Break or The Break may refer to:Contents1 Time off from duties 2 Sport 3 Technology3.1 Computing 3.2 Other technologies4 Arts and media4.1 Books 4.2 Film and television 4.3 Music4.3.1 Albums 4.3.2 Songs4.4 Other media5 Other uses 6 See alsoTime off from duties[edit]Recess (break), time in which a group of people is temporarily dismissed from its duties Break (work), time off during a shift/recessCoffee break, a daily social gathering for a snack and short downtime practiced by employees in business and industryAnnual leave (holiday/vacation), paid time off work granted by employers to employees to be used for whatever the employee wishes Holiday break, a U.S
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Night Of The Living Carrots
The carrot ( Daucus
Daucus
carota subsp. sativus) is a root vegetable, usually orange in colour, though purple, black, red, white, and yellow cultivars exist.[1] Carrots are a domesticated form of the wild carrot, Daucus
Daucus
carota, native to Europe and southwestern Asia. The plant probably originated in Persia and was originally cultivated for its leaves and seeds. The most commonly eaten part of the plant is the taproot, although the greens are sometimes eaten as well. The domestic carrot has been selectively bred for its greatly enlarged, more palatable, less woody-textured taproot. The carrot is a biennial plant in the umbellifer family Apiaceae. At first, it grows a rosette of leaves while building up the enlarged taproot. Fast-growing cultivars mature within three months (90 days) of sowing the seed, while slower-maturing cultivars are harvested four months later (120 days)
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Science Fiction
Science
Science
fiction (often shortened to SF or sci-fi) is a genre of speculative fiction, typically dealing with imaginative concepts such as advanced science and technology, spaceflight, time travel, and extraterrestrial life. Science
Science
fiction often explores the potential consequences of scientific and other innovations, and has been called a "literature of ideas".[1] It usually avoids the supernatural, unlike the related genre of fantasy
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Mad Scientist
Mad scientist
Mad scientist
(also mad doctor or mad professor) is a caricature of a scientist who is described as "mad" or "insane" owing to a combination of unusual or unsettling personality traits and the unabashedly ambitious, taboo and/or hubristic nature of their experiments. As a motif in fiction, the mad scientist may be villainous (evil genius) or antagonistic, benign or neutral; may be insane, eccentric, or clumsy; and often works with fictional technology or fails to recognize or value common human objections to attempting to play God
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San Francisco
 CaliforniaCSA San Jose–San Francisco–OaklandMetro San Francisco–Oakland–HaywardMission June 29, 1776[1]Incorporated April 15, 1850[2]Founded by José Joaquín Moraga Francisco PalóuNamed for St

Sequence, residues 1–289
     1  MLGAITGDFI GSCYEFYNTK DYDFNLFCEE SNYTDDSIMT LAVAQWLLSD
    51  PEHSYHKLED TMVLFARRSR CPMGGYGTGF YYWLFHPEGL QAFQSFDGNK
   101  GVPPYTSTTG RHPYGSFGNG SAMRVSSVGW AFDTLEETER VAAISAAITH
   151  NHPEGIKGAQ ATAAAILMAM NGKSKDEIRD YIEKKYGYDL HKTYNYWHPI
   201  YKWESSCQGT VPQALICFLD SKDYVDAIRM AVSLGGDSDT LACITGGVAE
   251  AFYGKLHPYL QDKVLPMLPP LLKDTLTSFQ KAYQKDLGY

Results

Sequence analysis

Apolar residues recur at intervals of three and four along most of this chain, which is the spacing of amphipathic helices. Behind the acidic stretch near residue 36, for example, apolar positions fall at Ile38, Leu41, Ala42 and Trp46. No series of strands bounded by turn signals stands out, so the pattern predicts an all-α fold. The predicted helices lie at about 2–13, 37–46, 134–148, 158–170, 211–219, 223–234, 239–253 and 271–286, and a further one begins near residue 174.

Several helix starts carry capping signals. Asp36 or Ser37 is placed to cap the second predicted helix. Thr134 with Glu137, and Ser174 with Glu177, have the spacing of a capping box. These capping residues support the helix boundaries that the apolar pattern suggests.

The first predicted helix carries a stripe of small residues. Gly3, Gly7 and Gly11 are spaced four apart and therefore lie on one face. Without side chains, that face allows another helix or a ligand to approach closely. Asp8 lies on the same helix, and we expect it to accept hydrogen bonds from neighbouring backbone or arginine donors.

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Golden Gate Bridge
The Golden Gate
Golden Gate
Bridge is a suspension bridge spanning the Golden Gate, the one-mile-wide (1.6 km) strait connecting San Francisco Bay and the Pacific Ocean. The structure links the American city of San Francisco, California
California
– the northern tip of the San Francisco Peninsula – to Marin County, carrying both U.S. Route 101
U.S. Route 101
and California State Route 1
California State Route 1
across the strait. The bridge is one of the most internationally recognized symbols of San Francisco, California, and the United States
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Cloning
In biology, cloning is the process of producing similar populations of genetically identical individuals that occurs in nature when organisms such as bacteria, insects, plants or animals reproduce asexually. Cloning
Cloning
in biotechnology refers to processes used to create copies of DNA
DNA
fragments (molecular cloning), cells (cell cloning), or organisms (organism cloning). The term also refers to the production of multiple copies of a product such as digital media or software. The term clone, invented by J. B. S. Haldane, is derived from the Ancient Greek
Ancient Greek
word κλών klōn, "twig", referring to the process whereby a new plant can be created from a twig
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Snail
Snail
Snail
is a common name loosely applied to shelled gastropods. The name is most often applied to land snails, terrestrial pulmonate gastropod molluscs. However, the common name snail is also used for most of the members of the molluscan class Gastropoda
Gastropoda
that have a coiled shell that is large enough for the animal to retract completely into. When the word "snail" is used in this most general sense, it includes not just land snails but also numerous species of sea snails and freshwater snails. Gastropods
Gastropods
that naturally lack a shell, or have only an internal shell, are mostly called slugs, and land snails that have only a very small shell (that they cannot retract into) are often called semi-slugs. Snails have considerable human relevance, including as food items, as pests, as vectors of disease, and their shells are used as decorative objects and are incorporated into jewelry